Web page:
5 Most Common Telepractice Questions Answered!

Are you interested in working within the telepractice setting? Would you like to dip your toes in the water a bit and learn more?

Telepractice has, for me, been a game changer as far as my career is concerned. It's been a great fit for me moving away from being a school employee and having the opportunity to still work for schools (which I love) with more freedom and independence than I had before.

Maybe telepractice could be a game changer for you, too?

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10 Items on Our Summer Bucket List

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Can You Complete these 10 Summer Bucket List Items This Summer?

Ah, summer. Some of us are still working, some of us are working less (me) and some of us get the summers off of working completely (Sarie - mostly - but she'll work very part time in home health this month).

Here’s the thing – summer is short. If you don’t grab it by the you-know-what, it’ll pass by before you know it. So, Sarie and I are creating a summer bucket list and inviting you in on the challenge. Feel free to steal some of ours or create your own.

Here's our list, plus a score card where we get really honest about whether or not we've met our goals.

Progress parameters: (met, not yet, not even close)

Sarah

1. Meditate for Ten Minutes Daily

Met, ongoing

2. Work out, 30-40 minutes, 5x daily

Met, ongoing - thanks to Barre classes!

3. Meal Prep Breakfast, Lunch and Snacks Daily (prep the night before)

Not even close - I'm struggling big time with this one! If you've got tips to stay consistent here, let me know! I'll be great for a week only to skip it the next week.

4. Read 2-3 Books each Month

Met! Thanks to using my library membership, it has been more like two books a week.

5. Stick to a House Cleaning Schedule with Daily Tasks

Not even close - again, consistency is really difficult for me! I end up just doing all my cleaning on weekends, which is what I'm trying to get away from.

Sarie

1. Redo Landscaping in Front of the House

Not Yet - putting some flowers in a planter counts, right? ;)

2. Hike Mt McLoughlin

Not Yet - this is the highest point in Southern Oregon and I can see it daily on my drives, which makes me even  more motivated to finish this day hike.

3. Finish Decorating the House

Not Even Close - we've lived here two years, but some days I don't even know where to start with decorating!

4. Organize Photos

Not Yet - I've got a bunch printed up that need to go into albums.

5. Journal Regularly

Not Yet - I've done this in the past, but it has been years. I love writing in a journal as a creative exercise and way to get my thoughts out on paper.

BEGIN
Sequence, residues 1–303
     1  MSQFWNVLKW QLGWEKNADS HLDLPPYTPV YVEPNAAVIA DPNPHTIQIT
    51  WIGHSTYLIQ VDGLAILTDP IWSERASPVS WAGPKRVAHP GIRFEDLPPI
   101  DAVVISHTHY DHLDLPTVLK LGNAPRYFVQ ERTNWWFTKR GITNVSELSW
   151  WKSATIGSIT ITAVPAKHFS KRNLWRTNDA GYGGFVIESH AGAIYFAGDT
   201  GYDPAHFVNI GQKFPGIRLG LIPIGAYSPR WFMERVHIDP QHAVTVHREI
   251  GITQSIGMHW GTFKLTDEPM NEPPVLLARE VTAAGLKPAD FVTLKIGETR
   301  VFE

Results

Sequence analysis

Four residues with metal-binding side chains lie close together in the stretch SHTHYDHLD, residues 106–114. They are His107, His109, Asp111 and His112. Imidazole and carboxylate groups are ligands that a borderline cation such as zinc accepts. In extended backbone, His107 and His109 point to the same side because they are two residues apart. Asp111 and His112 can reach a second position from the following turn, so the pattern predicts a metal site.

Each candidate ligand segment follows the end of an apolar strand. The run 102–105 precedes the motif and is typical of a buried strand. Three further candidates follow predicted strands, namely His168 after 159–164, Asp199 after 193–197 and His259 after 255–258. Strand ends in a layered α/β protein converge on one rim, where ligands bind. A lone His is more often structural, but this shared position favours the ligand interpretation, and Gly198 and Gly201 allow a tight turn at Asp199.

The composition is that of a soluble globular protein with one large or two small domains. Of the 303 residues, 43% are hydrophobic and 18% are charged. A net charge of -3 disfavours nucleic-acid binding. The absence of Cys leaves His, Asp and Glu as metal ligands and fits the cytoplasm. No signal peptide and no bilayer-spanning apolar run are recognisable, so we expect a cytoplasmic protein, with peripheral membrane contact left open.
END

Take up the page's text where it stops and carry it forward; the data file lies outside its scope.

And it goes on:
It's not too late!

So, as you can see we still have pretty far to go in our bucket lists. If you create your own, please let us know by tagging us on social media #slphappyhour - we'd love to see what you come up with!

For Even More...

If you'd like to hear even more about our summers, what we are up to, our our current struggles and tips to combat them - sign up for the newsletter to hear even more details (which we don't share anywhere else).

5 Essentials for your SLP Podcast

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We started our SLP podcast in early January. Since then, I've seen at least a dozen more SLP podcasts start up.

It's no wonder - having an SLP podcast is a great way to get your message out there. As SLPs, we can often be isolated, and podcasts instill a sense of community. As SLPs, we love to have good, high-quality conversations - and podcasts facilitate those as well.

But knowing where to start can be daunting. If you are just getting started (or you are already started but are just beginning to invest in equipment), this is the place for you to start.

Of note, I am not including links on physical products because they tend to go "dead" and no longer work, and I don't do affiliate links. As such, I trust your ability to use Google and Amazon to find these products.

1. Podcast Microphone

There are podcasts that don't record with a podcast microphone. I can tell the difference. If you can afford it, a podcast microphone is one of the first things you should buy. It elevates your sound quality and really makes your audio quality sound much more professional.

However, it's not just about the microphone - you also need to know how to use it (settings). We have episodes where we are talking away from the microphone (turning our heads as we talked) and you can tell. So, that is one lesson learned - make sure your head is pointed towards the mic. Also where you record matters - a smaller room with a carpet is ideal. We recorded a few episodes at Sarie's house, which has wood floors and an open floor plan, and immediately regretted it. We now exclusively record at my small, carpeted clinic office.